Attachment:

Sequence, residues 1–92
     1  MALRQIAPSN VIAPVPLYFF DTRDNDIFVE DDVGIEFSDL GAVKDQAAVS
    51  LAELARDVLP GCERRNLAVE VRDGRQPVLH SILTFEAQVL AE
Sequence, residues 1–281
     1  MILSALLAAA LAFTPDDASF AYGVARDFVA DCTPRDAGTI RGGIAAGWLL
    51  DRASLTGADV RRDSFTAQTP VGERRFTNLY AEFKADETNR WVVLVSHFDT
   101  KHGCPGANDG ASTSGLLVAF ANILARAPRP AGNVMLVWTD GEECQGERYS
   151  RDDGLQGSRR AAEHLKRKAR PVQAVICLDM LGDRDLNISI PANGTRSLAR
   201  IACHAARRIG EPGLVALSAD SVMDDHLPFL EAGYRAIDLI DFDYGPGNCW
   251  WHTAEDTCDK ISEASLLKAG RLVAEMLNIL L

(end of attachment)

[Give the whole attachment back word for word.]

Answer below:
Sequence, residues 1–92
     1  MALRQIAPSN VIAPVPLYFF DTRDNDIFVE DDVGIEFSDL GAVKDQAAVS
    51  LAELARDVLP GCERRNLAVE VRDGRQPVLH SILTFEAQVL AE
Sequence, residues 1–281
     1  MILSALLAAA LAFTPDDASF AYGVARDFVA DCTPRDAGTI RGGIAAGWLL
    51  DRASLTGADV RRDSFTAQTP VGERRFTNLY AEFKADETNR WVVLVSHFDT
   101  KHGCPGANDG ASTSGLLVAF ANILARAPRP AGNVMLVWTD GEECQGERYS
   151  RDDGLQGSRR AAEHLKRKAR PVQAVICLDM LGDRDLNISI PANGTRSLAR
   201  IACHAARRIG EPGLVALSAD SVMDDHLPFL EAGYRAIDLI DFDYGPGNCW
   251  WHTAEDTCDK ISEASLLKAG RLVAEMLNIL L